The progressive sex education website
Informed About Sex
with Shain Stodt, Sex Educator

is undergoing a transition. It will reopen as a page about a beautiful book derived from the principles of this site, for
which I have gratefully received such a moving response.
It's been a joy and an honor.
As a public service, the following pages will remain available: p

















The following links are currently de-actived: LGBTQQI, Partnering, Masturbation, Touch, Teens, Sensate Focus, Anatomy and Physiology,
Conception, Sexual Response Cycle, Fantasy, Gender Roles, Disability and Illness, Role Playing, Dying, Self- Examinations, Breath, Tantra, Sounds, Menopause, Genital Self-Portrait,
DIet and Nutrition, Exercise, Sex Toys,
Posting Page, Q & A with Shain Stodt, Bloggers, Contributors.

Support our mission to make high quality sex education available to the public? Your  tax deductable donation to our non-profit sponsor, Integrative Arts and Wellness, makes it possible!pppp

"Sex education is the birth right  of all people.
You're entitled to be happy, relaxed and at ease in your body, your sexuality,
and your ability to take care of your sexual health.
Whatever your gender, gender-orientation,

sexual preferences - you deserve sexual joy and well-being. " 

Shain Stodt is a certified Sex Educator trained at the Institute For The Advanced Study of Human Sexuality in San Francisco, California. She lives in Pittsboro, North Carolina, where she consults with individuals and couples, speaks, writes, and advocates passionately for progressive sex education. She has worked in the field of sexuality since 1972 when she began counseling for the seminal Abortion and Birth Control Outreach Project at The New York Women's Center in Chelsea. Shain has lectured on Sexuality in the New York City public school system, given numerous workshops on sexuality for women's organizations, and hosted a program on women and sexuality on New York City's public access television station.  Her pages are featured on BlogHer and  seen on Native Out, Occupy Menstruation and other social media sites.

FIRST DO NO HARM (from Partnering)

Partner sex is a delicate exchange between two inherently vulnerable people sharing body and soul together on a very deep level. Never underestimate the risk of one or both parties getting hurt, however lightly you approach the relationship. There are emotional consequences to any sexual encounter. The more caringly you conduct yourself toward your partner, the happier you will both be.


No, you needn't be committed, in love, or any more emotionally involved than you wish to be. You're completely entitled to your boundaries and limitations - as long as you're honest about them. Never pretend to have feelings that you don’t have, or tell someone you love them when it’s not true.  However, when you partner with another person sexually, you owe it to them -and to yourself- to honor each other's body and spirit by being respectful and considerate. You owe it to the relationship to do no harm.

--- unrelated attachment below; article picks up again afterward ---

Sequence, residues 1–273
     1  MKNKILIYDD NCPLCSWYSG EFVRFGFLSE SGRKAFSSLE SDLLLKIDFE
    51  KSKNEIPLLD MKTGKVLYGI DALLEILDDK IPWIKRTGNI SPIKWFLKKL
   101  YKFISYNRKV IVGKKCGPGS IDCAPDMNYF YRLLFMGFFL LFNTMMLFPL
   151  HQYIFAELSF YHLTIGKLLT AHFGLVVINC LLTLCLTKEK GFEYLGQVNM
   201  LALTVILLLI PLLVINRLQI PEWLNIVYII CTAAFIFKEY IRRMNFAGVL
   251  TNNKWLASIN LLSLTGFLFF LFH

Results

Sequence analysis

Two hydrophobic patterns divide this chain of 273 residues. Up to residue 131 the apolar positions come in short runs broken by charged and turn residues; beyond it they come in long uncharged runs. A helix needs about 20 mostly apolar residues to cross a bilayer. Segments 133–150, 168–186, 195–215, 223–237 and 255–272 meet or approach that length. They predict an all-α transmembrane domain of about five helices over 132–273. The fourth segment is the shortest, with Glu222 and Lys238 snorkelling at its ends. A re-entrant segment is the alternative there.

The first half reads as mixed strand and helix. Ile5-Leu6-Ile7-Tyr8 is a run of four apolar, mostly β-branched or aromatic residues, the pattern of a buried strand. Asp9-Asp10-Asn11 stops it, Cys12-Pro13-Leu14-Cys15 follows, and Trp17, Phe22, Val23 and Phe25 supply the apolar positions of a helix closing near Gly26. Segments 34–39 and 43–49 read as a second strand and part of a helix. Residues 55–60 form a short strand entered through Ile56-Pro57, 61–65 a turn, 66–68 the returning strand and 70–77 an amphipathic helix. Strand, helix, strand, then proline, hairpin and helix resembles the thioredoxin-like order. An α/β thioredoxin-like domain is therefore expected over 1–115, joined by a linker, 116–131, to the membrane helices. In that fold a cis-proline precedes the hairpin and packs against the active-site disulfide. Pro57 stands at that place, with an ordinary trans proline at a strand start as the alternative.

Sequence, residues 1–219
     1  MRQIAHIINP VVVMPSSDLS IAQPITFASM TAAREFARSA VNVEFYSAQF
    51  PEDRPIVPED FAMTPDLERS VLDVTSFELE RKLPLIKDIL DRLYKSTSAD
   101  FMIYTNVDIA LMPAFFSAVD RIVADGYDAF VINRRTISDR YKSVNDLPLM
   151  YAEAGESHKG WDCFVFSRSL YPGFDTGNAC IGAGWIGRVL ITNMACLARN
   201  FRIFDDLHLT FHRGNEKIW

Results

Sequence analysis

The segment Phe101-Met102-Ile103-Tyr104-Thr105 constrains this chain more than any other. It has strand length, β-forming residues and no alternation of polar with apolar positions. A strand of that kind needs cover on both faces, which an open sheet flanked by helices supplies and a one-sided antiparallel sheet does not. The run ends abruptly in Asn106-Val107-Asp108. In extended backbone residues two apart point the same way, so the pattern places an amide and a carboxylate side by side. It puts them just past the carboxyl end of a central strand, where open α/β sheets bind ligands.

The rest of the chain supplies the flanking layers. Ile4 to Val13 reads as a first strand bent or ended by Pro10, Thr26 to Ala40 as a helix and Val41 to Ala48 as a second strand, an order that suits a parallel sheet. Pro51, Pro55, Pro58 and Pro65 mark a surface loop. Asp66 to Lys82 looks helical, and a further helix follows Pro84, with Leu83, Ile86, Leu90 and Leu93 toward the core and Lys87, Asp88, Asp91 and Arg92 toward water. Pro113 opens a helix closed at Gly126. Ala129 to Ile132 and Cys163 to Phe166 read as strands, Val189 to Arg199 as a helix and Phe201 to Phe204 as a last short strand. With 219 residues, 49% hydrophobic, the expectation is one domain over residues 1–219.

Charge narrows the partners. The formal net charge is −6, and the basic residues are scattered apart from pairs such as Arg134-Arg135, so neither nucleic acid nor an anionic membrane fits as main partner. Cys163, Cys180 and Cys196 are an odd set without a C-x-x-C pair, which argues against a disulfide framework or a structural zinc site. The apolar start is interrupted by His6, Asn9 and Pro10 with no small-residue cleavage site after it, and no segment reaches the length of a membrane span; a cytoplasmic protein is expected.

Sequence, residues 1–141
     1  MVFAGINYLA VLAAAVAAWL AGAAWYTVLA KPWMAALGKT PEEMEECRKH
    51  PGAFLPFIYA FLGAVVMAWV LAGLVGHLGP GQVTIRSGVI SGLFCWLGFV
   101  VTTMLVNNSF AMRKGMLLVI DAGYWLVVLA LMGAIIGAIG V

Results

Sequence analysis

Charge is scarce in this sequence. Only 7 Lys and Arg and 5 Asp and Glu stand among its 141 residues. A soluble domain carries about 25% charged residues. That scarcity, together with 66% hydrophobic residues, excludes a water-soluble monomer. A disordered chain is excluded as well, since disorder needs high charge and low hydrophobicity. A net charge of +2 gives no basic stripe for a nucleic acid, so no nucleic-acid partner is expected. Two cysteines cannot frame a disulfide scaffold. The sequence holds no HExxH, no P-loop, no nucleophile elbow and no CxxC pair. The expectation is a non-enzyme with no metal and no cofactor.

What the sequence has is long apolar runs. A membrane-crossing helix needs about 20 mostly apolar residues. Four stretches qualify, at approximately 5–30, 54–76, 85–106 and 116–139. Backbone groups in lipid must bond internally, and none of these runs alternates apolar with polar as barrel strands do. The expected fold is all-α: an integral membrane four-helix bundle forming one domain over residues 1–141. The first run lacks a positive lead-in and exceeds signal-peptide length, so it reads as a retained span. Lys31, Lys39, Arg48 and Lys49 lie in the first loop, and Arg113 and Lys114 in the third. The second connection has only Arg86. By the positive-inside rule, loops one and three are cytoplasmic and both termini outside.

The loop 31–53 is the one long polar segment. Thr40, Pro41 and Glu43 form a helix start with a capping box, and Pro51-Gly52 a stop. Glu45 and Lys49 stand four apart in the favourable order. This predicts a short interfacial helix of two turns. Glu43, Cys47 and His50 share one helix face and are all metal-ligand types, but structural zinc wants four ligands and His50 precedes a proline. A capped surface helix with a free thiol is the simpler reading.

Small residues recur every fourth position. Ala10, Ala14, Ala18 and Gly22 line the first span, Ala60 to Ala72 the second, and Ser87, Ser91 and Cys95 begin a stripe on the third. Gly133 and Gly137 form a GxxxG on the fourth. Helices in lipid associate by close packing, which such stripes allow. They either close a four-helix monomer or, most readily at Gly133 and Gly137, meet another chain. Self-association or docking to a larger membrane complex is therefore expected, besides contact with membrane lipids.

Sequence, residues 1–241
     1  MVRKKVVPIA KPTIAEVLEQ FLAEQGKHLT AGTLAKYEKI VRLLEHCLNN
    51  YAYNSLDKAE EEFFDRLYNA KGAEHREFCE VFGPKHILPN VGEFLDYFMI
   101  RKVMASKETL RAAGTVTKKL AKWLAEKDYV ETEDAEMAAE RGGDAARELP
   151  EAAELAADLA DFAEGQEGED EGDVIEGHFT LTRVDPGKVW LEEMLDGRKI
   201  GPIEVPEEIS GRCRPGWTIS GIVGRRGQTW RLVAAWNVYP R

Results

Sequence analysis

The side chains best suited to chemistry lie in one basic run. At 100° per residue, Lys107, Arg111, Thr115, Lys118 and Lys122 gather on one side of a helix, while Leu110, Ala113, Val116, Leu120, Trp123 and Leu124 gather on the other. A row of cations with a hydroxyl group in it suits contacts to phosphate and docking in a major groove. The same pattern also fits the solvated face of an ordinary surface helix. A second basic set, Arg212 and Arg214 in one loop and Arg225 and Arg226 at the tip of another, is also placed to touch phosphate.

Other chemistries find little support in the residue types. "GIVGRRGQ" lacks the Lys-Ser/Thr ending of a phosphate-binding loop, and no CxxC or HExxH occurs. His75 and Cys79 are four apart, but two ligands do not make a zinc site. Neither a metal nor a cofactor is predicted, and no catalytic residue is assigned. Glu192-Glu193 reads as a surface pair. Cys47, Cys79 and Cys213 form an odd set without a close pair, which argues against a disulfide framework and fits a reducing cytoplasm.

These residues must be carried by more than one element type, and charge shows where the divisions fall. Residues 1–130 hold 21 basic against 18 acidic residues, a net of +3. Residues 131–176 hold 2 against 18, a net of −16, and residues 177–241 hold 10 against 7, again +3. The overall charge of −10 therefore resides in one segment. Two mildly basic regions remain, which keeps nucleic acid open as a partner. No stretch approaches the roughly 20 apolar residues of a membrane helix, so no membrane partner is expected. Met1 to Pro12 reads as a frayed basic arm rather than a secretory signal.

If you can't do this much, then you're essentially using your partner as an objectified sex-toy. People are not toys; they can’t be fixed or discarded if they get broken. If this is where you’re at, masturbate instead! Then you can be as self-centered and self-indulgent as you want. That's fine when you’re flying solo.

But don't kid yourself about partner sex. It’s intimate stuff that has emotional consequences which you need to be sensitive to. If you’re not ready to accept this responsibility, then you're really not ready to share intimacy with a partner.

Some people treat sex like a drunken binge, pretending that it provides a forum to be selfish and self-indulgent. Others rationalize shoddy treatment of their partner with shallow catechisms: "I don't want to give the wrong impression. It's not like I want to be involved with them", "It's just recreational sex", or "I didn't make any promises.” While all of these are legitimate standpoints, none of them are excuses to callously injure another person’s psyche with careless behavior!

Here are three classic examples of what not to do:

Beryl: "When I took off my clothes, he looked me over and verbally evaluated my body; nice ass, breasts too small, belly not toned enough. I felt like the parts of me which he didn't approve of weren’t worth touching. In fact, that's just what I felt like: body parts. Like I'd been butchered".

Jorge: "I did everything I could to give her a great orgasm with oral sex. Then she rolled over and started watching television, ignoring me while I lay there completely frustrated." 

 Loraine: "He was inside me; I opened from my core. Then after he came he got right up and walked out the door with a casual 'later'. I felt humiliated and worthless".


Behavior like this toward your lover is unacceptable in any sexual relationship. Partner sex entails taking care of your partner’s wellbeing, as well as your own. Whether the enactment of a single encounter or the expression of a lifetime together, it should affirm both your souls, not cause psychic wounds.

 Treat each other's hearts gently.

From the introduction to Partnering by Shain Stodt. Copyright ©2014, All Rights Reserved.


To contact Shain Stodt about a consultation (Only serious inquiries, please)

Social Media Station.Com's interview with Shain Stodt on Social Media: The Good, The Bad, And The Horrifying

Question and Answer with Shain Stodt
is available on Blogger and BlogHer